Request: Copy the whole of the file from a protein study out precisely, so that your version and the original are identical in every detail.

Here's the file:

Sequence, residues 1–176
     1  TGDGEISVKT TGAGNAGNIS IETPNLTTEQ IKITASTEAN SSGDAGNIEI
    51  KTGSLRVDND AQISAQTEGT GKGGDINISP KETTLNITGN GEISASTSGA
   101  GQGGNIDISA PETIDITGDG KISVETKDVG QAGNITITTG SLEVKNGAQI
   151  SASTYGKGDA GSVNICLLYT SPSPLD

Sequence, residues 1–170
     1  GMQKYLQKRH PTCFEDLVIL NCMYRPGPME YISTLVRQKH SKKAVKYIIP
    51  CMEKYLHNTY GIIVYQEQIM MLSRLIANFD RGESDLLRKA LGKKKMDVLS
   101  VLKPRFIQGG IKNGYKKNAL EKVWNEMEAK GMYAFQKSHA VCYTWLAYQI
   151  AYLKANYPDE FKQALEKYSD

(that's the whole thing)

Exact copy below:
Sequence, residues 1–176
     1  TGDGEISVKT TGAGNAGNIS IETPNLTTEQ IKITASTEAN SSGDAGNIEI
    51  KTGSLRVDND AQISAQTEGT GKGGDINISP KETTLNITGN GEISASTSGA
   101  GQGGNIDISA PETIDITGDG KISVETKDVG QAGNITITTG SLEVKNGAQI
   151  SASTYGKGDA GSVNICLLYT SPSPLD

Sequence, residues 1–170
     1  GMQKYLQKRH PTCFEDLVIL NCMYRPGPME YISTLVRQKH SKKAVKYIIP
    51  CMEKYLHNTY GIIVYQEQIM MLSRLIANFD RGESDLLRKA LGKKKMDVLS
   101  VLKPRFIQGG IKNGYKKNAL EKVWNEMEAK GMYAFQKSHA VCYTWLAYQI
   151  AYLKANYPDE FKQALEKYSD